Syringes designed to have less "dead space," retaining a smaller amount of fluid after the plunger has been depressed, could help stem the HIV and hepatitis C epidemics among the world's 16 million injection drug users, The Atlantic reports. Reviewing the available evidence on the topic, investigators published a review in The International Journal of Drug Policy and used the platform to advocate for wider use of low-dead-space syringes, even before the completion of rigorous—and likely expensive—studies for which they also advocate.

High-dead-space needles retain fluid in the tip of the syringe, hub of the needle and in the needle. Low-dead-space needles, on the other hand, do not have a detachable needle, and after the plunger is fully depressed they only retain fluid in the needle. On average, low-dead-space syringes retain only 2 microliters of fluid, compared with 84 microliters in high-dead-space syringes.

Laboratory experiments simulating injection drug use followed by a rinse of the syringes with water have found that low-dead-space syringes retain 0.1 percent of the blood compared with high-dead-space syringes. The study authors write that, following injection into someone with a viral load between 2,000 and 1 million, the high-dead-space syringes could carry "multiple copies of HIV," while the "low-dead-space syringes would retain even a single copy only a fraction of the time."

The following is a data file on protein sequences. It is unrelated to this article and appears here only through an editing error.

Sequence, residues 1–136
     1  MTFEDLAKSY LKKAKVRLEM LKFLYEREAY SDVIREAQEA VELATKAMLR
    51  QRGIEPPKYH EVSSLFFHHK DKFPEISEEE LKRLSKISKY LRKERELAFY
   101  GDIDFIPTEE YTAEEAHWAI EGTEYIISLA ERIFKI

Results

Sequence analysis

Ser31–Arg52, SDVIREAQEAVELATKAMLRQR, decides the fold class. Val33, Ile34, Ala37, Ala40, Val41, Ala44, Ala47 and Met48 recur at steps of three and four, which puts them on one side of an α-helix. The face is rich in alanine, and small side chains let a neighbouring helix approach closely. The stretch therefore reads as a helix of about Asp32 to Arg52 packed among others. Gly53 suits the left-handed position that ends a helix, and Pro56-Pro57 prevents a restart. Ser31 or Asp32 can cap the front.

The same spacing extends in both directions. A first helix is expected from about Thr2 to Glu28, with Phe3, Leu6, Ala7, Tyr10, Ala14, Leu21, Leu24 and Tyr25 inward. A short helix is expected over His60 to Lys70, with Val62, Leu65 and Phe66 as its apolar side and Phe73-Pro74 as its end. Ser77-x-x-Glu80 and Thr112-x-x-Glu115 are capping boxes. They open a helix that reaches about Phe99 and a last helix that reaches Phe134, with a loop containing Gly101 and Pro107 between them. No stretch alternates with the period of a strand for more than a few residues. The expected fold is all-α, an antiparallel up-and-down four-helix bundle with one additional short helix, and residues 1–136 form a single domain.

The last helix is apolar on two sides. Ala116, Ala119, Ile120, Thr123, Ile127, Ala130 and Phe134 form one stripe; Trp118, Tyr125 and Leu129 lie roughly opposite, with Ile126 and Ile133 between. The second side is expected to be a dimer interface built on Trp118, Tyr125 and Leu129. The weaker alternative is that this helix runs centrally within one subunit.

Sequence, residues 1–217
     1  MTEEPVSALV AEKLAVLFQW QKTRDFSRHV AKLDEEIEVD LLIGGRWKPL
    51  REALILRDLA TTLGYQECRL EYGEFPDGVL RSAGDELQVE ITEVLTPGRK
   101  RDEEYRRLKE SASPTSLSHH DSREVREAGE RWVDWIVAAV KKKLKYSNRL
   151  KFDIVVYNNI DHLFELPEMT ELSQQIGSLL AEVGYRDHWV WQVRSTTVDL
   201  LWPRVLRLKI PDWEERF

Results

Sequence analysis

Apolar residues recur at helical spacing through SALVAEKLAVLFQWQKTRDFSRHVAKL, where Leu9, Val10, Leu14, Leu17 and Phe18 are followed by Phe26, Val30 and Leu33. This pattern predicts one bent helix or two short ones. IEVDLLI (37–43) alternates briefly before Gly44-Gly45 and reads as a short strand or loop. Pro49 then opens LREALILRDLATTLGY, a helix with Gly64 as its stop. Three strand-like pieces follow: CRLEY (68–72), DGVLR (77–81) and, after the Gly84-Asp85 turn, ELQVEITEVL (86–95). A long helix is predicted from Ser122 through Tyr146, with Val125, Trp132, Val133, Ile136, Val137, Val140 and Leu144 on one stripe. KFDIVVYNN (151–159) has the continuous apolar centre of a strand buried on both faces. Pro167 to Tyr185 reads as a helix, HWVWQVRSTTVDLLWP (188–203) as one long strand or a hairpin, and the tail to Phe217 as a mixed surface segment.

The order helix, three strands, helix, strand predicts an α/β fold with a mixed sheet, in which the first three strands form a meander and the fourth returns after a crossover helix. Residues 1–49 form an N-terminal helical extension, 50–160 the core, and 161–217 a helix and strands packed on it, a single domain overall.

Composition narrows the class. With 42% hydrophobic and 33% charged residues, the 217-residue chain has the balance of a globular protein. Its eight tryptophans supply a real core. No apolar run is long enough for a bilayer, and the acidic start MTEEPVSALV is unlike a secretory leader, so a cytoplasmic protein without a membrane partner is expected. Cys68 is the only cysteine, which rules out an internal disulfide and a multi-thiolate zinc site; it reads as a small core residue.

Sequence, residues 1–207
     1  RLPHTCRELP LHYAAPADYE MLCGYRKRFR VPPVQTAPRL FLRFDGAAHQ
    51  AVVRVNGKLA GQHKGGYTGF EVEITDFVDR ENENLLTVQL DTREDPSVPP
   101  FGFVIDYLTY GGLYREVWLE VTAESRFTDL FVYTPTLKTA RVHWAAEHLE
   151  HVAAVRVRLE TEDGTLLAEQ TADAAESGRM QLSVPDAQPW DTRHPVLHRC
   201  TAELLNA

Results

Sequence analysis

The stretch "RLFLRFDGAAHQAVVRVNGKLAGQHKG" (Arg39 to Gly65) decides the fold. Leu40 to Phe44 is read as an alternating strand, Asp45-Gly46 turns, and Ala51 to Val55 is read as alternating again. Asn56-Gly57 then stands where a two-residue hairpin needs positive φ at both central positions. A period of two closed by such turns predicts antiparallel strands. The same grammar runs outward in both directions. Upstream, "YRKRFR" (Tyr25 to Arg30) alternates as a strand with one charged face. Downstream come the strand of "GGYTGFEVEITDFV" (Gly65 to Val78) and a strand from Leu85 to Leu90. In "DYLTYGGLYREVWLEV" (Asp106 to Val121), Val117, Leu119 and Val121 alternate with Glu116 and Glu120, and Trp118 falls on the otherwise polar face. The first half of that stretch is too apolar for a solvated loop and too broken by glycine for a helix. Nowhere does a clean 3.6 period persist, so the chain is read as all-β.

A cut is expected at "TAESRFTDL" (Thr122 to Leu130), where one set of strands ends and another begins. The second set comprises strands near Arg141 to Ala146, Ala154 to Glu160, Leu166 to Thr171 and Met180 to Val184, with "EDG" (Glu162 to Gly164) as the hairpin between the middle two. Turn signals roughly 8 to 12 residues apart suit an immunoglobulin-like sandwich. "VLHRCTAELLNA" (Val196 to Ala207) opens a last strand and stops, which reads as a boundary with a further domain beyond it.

The authors also cite a recent laboratory study that suggested low-dead-space syringes could help curb the hepatitis C epidemic. In the study, hep C could survive for only one day in a low-dead-space syringe, but for up to 60 days in a high-dead-space syringe.

To read the Atlantic report, click here.

To read the study, click here.